After the initial excitement of 'hey I'm actually coding!' and creating some working code, the next step is often to put together the code in different ways and test our understanding. The faster you progress, the sooner this time will come. In other words, having your code not work is a great sign that you're putting in the effort to progress. This also applies if you're a teacher or volunteer who may be starting to put things together yourself, while helping kids learn. It always helps to have a positive approach when helping someone who has reached this point for the first time i.e. it's a good thing, and a great opportunity to learn!
Find out what we are trying to do
The first thing to ask when helping someone, is to find out what they are trying to do with the non-working code. Have the student describe the idea behind the code. If things are unclear, ask about the context of the code in the game or program e.g. 'Tell me about the overall idea of the game'
Have things become over-complicated?
Before we walk through the code, it's important to ask ourselves whether we're using the most straight-forward approach. Sometimes things can become more complicated than they need to be, without us even realising. Taking things back to basics can make the code seem clearer and easier to read, especially later on. Once we know what we are trying to achieve with the code, we can work out whether it is the simplest and most readable way to do it.
Strip the code down to the bare basics
If you find that the code has become overly complicated, it can help to take out some of the extra code. In Scratch, you can leave these in the scripts area, as they won't run unless there is a starting block at the top, such as
when green flag pressed. This can make it easier to replace the code if we need to. Other times, it may be possible to create a fresh project; in another tab, if you're using Scratch online, or in another file if we're using Python. Keep in mind, with Python, you can also try commands out in the Python shell using interactive mode. Once you've solved the problem in the code, you can easily add the other parts of the code, if they are still required once it is fixed.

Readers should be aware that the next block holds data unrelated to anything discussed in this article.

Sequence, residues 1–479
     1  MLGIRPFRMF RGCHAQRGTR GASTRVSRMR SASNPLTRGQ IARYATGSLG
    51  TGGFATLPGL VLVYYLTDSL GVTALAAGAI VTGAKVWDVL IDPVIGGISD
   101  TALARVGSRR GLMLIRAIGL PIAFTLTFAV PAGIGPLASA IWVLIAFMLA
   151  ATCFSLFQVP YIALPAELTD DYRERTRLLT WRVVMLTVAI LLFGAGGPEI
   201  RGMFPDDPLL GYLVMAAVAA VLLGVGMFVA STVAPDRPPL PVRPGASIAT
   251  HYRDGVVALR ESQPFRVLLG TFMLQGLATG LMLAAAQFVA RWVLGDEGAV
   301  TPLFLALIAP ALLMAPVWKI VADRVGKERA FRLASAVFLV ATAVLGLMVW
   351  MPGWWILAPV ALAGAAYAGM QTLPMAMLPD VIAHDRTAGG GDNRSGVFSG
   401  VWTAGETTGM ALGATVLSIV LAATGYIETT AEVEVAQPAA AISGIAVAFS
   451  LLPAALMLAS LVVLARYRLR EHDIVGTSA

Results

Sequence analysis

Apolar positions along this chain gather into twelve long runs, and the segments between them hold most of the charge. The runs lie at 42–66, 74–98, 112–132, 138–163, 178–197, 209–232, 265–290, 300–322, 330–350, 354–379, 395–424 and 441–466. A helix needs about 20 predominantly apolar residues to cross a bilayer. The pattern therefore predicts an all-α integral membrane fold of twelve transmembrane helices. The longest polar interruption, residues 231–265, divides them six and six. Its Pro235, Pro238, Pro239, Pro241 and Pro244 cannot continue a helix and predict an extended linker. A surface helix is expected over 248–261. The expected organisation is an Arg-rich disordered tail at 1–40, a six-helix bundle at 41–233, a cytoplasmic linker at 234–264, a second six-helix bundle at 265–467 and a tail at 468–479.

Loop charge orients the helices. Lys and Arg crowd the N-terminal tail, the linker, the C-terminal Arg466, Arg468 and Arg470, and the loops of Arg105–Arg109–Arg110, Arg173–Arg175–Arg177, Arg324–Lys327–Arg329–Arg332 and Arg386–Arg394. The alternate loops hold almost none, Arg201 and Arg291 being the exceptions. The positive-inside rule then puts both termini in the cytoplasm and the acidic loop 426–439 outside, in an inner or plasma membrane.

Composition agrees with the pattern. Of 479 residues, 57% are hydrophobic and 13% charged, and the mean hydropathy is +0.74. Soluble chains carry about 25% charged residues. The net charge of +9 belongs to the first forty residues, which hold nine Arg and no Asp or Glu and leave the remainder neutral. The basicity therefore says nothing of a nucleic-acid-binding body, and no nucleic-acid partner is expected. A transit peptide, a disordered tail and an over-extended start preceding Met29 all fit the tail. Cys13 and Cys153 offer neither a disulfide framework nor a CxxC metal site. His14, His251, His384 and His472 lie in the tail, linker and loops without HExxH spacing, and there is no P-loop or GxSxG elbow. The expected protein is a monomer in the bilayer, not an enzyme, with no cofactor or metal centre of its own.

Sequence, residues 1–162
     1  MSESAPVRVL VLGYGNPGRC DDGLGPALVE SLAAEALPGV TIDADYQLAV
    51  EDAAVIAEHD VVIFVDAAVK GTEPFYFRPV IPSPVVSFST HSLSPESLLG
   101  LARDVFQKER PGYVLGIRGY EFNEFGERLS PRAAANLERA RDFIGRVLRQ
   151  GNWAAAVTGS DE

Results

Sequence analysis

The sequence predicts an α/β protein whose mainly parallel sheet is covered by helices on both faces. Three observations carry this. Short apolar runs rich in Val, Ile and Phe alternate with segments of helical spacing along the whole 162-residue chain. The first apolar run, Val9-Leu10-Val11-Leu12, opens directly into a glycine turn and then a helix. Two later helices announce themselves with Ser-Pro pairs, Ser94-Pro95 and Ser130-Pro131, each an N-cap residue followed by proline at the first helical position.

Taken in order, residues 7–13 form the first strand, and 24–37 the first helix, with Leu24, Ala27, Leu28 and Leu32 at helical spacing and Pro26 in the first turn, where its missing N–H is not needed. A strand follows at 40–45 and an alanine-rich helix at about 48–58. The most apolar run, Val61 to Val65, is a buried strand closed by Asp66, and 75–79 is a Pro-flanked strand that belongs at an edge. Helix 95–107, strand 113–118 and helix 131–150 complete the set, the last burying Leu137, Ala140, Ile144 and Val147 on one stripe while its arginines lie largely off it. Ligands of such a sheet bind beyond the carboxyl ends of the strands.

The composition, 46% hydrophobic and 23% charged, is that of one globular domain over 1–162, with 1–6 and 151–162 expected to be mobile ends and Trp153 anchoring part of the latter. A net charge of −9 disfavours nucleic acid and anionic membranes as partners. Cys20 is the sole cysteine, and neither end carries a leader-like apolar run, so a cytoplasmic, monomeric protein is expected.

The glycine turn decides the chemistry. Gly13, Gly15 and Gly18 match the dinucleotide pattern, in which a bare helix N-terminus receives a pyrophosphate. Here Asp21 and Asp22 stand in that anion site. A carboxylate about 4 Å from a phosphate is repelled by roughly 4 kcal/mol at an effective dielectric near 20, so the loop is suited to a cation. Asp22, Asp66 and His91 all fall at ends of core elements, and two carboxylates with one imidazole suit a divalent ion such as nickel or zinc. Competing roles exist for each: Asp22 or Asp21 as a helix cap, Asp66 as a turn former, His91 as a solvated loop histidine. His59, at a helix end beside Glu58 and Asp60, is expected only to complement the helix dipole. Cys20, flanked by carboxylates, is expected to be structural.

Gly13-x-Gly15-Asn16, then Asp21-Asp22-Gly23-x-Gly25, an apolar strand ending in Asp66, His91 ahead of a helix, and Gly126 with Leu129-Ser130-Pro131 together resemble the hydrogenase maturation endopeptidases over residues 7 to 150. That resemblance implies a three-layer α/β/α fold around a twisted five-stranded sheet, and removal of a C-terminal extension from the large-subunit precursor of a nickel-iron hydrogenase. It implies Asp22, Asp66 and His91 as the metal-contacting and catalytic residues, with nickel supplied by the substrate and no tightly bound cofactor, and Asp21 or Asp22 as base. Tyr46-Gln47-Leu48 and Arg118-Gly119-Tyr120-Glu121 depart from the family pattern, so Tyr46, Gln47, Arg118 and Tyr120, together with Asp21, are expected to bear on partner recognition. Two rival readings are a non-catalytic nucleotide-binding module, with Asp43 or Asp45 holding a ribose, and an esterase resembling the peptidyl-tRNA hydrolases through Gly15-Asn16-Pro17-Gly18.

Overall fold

Talk through your troubleshooting thought process
When I was learning to code as a kid, I still recall someone trying to help, almost silently whispering to themself, and it felt bad to even ask what they were doing. I found it hard to know what they were doing, and would have to ask them to explain it afterwards, which sometimes ended up seeming more complicated than it should have been. While helping someone troubleshoot their code, it really helps to talk about the steps you're going through. The first step might be to walk through the code, line by line, and asking questions about the code like, 'What does this do?' or 'Is this the section that checks whether the player has died?'. Asking questions like these can also help the student or yourself understand their code better, which may help solve the problem. Talking through the steps you take to understand the code, can also be useful. This could include, 'Ok, so we're checking whether our sprite is left of this positing, is that what we want?' or 'It looks like we're only checking once to see if a key is pressed, should we be repeating this forever?'. Usually, going through these steps can get the student to suddenly realise what the problem is, and also learn how they would approach a problem next time. The idea is to also show the student how to approach troubleshooting, in addition to fixing the immediate problem with their code.
Reinforce what we learned while troubleshooting
Once the problem with the code has been fixed, and everything is working, it helps to quickly summarise what was wrong. The student will be keen to get on with things at this point, so keep it quick and clear. e.g. 'It looks like we needed to check for a keypress all the time, rather than just once'. Then talk about how we could prevent these problems again, 'So just remember when we checking for keys to be pressed using
if..then we can put it in a loop to make it repeat`.
Sometimes the project could turn out to be overly difficult for the student. If there's some things that the student might need to learn first, it can help to take them back to a project that helps them understand the concepts before tackling a more difficult project. Most students will find this easier as it allows them to make more progress and feel less frustrated.